Places to Go, People to Be
(Or: How I Spent My Summer Vacation, volume 2006)
This year, our "big summer vacation" incorporated both our families, the Dublin Irish Festival, GenCon, and both Liz & my high school reunions (we went to different schools - in different states - but our reunions were about three weeks apart).
In other words:
- July 29 & 30: Liz's Dublin Coffman Class of '96 Reunion
- July 31 - Aug 4: Back to Toronto for a bit of work...
- Aug 5: Dublin Irish Festival (Gaelic Storm performance)
- Aug 6-8: Liz's Family in Columbus, Ohio
- Aug 9-13: GenCon
- Aug 14 & 15: Return to Madison
- Aug 16 - 18: Josh's family in Kansas City
- Aug 19: Josh's Park Hill Class of '96 Reunion
- Aug 20 & 21: Drive back to Toronto
The Dublin Irish Festival was interesting. Liz & I had gone a few years ago, back when we were just dating, and it's grown a lot since then. I gather that Liz and her family had gone more reliably back then, but as it's grown, it's become more daunting and less rewarding. I guess it's one of those things where growth & success detract more from the experience than they add.
I had a lot of fun at both reunions. Liz's was more formal (suit & tie, held at a country club), but the people organizing my reunion more than out-did theirs on organization: we had a slide-show, awards (for things like "Furthest Traveled to Get to the Reunion", "Most Recent Childbirth"), a tour of the old school...
The school has changed a lot - it's now even more convoluted and twisted than before. No wonder I had nightmares about getting lost between classes! It was strange how much some people had changed, and how little other people had. I'm still awed by those of my classmates who already have children, and impressed with the range of "life paths" we've taken.
It was great to see so many old familiar faces in one room, but I can't help but wish more old friends had been there. In my case, many of my closest friends were older or younger than I was, or moved away before graduation, or were foreign exchange students... It's nice to see people I graduated with, but I wish there were some way to see all the people I knew.
GenCon was (again) a blast! It's one of those amazing things, where, when it's over, I'm sad and don't want to leave, and can hardly believe I (potentially) get to do this every year.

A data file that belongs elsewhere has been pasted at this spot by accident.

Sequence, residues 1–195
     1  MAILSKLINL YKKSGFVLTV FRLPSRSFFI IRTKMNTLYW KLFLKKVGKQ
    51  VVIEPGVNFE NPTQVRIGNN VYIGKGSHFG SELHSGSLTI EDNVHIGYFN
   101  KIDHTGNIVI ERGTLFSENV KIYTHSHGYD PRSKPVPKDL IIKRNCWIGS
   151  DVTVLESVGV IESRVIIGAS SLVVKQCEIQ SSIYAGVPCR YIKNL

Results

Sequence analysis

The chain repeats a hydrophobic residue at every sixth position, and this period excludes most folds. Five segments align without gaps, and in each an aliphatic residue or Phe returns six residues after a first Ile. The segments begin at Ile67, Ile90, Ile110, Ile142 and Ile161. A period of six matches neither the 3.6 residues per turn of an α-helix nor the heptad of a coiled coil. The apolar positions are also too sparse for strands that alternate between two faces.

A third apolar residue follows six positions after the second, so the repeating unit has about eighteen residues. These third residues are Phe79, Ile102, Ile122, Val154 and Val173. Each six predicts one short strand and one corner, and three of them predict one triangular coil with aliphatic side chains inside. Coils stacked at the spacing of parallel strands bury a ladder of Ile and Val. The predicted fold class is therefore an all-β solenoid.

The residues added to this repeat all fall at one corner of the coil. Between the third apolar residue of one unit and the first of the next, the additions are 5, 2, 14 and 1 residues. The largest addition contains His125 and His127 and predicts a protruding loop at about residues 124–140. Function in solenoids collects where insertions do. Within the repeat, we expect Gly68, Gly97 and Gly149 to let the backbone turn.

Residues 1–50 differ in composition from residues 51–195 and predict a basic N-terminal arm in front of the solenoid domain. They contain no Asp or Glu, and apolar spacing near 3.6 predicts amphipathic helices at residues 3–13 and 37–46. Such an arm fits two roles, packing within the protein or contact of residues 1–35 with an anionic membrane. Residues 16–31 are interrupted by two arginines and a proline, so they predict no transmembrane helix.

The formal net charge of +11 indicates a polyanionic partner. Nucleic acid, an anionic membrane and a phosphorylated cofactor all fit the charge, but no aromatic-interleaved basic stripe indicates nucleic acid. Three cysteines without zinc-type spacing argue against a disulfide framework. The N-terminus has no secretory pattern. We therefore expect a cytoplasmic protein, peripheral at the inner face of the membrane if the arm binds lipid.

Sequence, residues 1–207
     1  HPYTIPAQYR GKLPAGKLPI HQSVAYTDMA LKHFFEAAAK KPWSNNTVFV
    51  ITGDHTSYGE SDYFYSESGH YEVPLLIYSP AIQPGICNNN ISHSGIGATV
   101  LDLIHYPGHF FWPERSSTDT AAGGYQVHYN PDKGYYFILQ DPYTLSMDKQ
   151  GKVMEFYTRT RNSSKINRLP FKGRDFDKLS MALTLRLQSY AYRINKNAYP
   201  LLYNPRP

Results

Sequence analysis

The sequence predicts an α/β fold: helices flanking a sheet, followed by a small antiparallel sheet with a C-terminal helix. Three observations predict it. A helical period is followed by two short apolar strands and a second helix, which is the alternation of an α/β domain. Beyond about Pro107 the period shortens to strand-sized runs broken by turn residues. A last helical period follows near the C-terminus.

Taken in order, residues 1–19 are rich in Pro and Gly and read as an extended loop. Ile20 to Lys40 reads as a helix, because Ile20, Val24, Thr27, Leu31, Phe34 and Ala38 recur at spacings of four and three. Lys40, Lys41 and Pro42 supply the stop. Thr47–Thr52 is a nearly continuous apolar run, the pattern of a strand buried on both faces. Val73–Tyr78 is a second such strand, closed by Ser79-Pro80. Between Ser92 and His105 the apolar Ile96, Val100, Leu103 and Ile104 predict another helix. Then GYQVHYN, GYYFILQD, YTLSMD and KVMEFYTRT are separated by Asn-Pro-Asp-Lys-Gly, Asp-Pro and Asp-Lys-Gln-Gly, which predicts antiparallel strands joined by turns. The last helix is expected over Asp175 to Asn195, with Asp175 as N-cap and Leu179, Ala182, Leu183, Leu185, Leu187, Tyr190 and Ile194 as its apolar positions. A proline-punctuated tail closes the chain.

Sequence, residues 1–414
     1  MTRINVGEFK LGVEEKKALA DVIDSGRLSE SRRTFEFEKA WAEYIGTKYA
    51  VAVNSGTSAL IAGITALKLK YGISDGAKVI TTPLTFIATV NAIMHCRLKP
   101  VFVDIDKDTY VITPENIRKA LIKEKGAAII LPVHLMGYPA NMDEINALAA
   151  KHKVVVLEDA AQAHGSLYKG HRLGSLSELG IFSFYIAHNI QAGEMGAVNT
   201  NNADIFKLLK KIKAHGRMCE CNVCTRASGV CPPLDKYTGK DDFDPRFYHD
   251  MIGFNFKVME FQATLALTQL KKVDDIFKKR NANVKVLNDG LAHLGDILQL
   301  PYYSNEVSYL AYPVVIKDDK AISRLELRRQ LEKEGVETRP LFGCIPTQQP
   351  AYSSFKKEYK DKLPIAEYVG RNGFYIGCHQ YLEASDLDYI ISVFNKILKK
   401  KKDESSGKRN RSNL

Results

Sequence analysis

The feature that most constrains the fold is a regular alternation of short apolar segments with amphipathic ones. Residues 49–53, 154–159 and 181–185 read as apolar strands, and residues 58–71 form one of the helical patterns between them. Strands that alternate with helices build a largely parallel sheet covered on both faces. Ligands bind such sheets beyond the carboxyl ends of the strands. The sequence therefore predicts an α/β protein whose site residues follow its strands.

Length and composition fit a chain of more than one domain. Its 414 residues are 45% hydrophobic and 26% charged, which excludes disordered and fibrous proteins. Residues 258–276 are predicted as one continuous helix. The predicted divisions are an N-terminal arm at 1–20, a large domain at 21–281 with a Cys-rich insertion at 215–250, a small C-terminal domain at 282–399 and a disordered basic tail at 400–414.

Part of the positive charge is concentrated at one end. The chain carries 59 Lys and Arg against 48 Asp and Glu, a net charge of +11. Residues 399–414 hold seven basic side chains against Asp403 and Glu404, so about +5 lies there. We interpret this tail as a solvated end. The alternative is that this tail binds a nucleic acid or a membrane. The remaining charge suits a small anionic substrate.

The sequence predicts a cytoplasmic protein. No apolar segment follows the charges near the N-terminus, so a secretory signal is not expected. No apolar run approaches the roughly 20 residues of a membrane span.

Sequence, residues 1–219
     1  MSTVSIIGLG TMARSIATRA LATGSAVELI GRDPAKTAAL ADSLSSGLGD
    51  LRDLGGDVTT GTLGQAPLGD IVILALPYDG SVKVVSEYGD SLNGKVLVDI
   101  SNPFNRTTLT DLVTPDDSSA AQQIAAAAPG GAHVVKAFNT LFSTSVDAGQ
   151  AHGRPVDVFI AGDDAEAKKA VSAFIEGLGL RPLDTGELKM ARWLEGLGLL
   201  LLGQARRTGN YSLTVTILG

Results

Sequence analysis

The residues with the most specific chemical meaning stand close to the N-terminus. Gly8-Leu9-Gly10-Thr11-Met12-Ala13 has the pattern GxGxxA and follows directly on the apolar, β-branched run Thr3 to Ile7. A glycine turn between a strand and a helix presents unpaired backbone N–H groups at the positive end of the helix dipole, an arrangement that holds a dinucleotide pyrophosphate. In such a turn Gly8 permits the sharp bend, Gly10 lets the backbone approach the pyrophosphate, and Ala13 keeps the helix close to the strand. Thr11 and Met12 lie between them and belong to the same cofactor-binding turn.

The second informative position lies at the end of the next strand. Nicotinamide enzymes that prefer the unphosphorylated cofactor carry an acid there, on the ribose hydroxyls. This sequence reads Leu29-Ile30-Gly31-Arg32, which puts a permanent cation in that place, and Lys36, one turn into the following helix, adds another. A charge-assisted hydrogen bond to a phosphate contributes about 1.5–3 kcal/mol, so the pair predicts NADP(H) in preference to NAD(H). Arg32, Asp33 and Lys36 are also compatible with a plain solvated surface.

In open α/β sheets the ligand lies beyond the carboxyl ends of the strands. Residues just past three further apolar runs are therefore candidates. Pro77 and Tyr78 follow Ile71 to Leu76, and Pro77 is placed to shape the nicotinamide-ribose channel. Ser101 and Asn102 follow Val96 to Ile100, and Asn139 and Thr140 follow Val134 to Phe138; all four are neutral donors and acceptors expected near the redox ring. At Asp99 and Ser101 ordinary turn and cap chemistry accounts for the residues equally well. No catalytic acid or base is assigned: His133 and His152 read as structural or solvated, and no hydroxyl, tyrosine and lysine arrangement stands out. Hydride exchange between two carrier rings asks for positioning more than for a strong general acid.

For those reading this who aren't aware, GenCon is a gaming convention, held every year in Indianapolis. GenCon and Origins (held in Columbus, Ohio) are the two "major" gaming conventions, and I went to Origins each of the years I was at Ohio State. However, while both are "major" in size and stature, GenCon has a dramatically different feel - less competitive, more relaxed and, I think, that much more "fun". I should say, last year was our first GenCon and after that first trip, we knew we were hooked.
GenCon is one solid quanta more enjoyable than Origins, because of the "Con-within-a-Con" formed by our "extended gaming family" - current & former game-buddies of ours, who connect up with current & former game-buddies of theirs, who connect up with... you get the idea. The whole thing snow-balls into a 30-some member "extended family reunion". This year, we introduced two new members: Bo Brinkman, a good friend of mine since high school, and Aaron Steffen, an illustrious GM from Madison and WoW-guild-mate.
Overheard: Ninja Power Law
One of my favorite things about GenCon, is that it's one of few places where I find myself literally surrounded by geeky gamers more-or-less just like myself. There are tables full of gamers everywhere (or everywhere I looked, anyway), people walking around in Gandalf, Darth Vader or Pirate costumes, all kinds of goofy wonderfulness. I had fun just listening to other people's conversations as I walked through the hotel lobby, or rode in the elevator. Actually, I think it'd be a lot of fun to run some sort of "Overheard at GenCon" next year. This year's winner: "...the power of any ninja is inversely proportional to the number of ninjas. One ninja, and he's a terrifying assassin; you're dead. Twenty ninjas, and they're easy pickin's, you can mop the floor with them." (Actually overheard by Aaron Steffen.)
My Life as a Minion
Last year, we weren't sure we were going to GenCon until the last possible moment, and we didn't sign up for any "official" games. So, this year, I got to experience my first ever official GenCon game: My Life with Master by Paul Czege (GM'd by Lisa Provost). (I first heard about MLwM ages ago, in an article by Greg Costikyan - though I had managed to play it exactly once before this year's GenCon.)
MLwM is a serious, somewhat dark game: the group starts by defining the Master (a Dr. Frankenstein-ish sort of terrorizor of townspeople) and what, specifically, he wants from the town. The players then play the roles of the Master's various monster-like minions. In this game, our Master wanted to collect the eyes of the recently deceased, so that she could visualize the after-life (or something like that). My character was the town doctor who reported to the Master on patients near death, and had a tendency to "help things along"; Liz played "the harvester", responsible for carefully extracting the eyes (as fresh as possible, of course).
The idea of the game, is that you make "overtures" to the townspeople, gradually building a base of human kindness, from which you may eventually over-throw the Master. In this case, I made, and gradually increased, connections with a local woman who'd just "lost" her father, my nurse, and a local crippled boy, which lead to "the Endgame" - although, it was actually Liz's character that prevailed against the Master in the end.
[Insert Random Cthulhu Joke Here]
Our second "official" game was our first game of Call of Cthulhu (GM'd by Elisa Ford, who came highly recommended). CoC is based on a series of short-stories by H.P. Lovecraft (some of which I've actually read) wherein mysterious and scary alien and/or monstrous powers enslave humanity. Our game was set in the 1920s, at a small town college, where our collective friend had gone missing, and we had gathered to find her. Things got strange from there...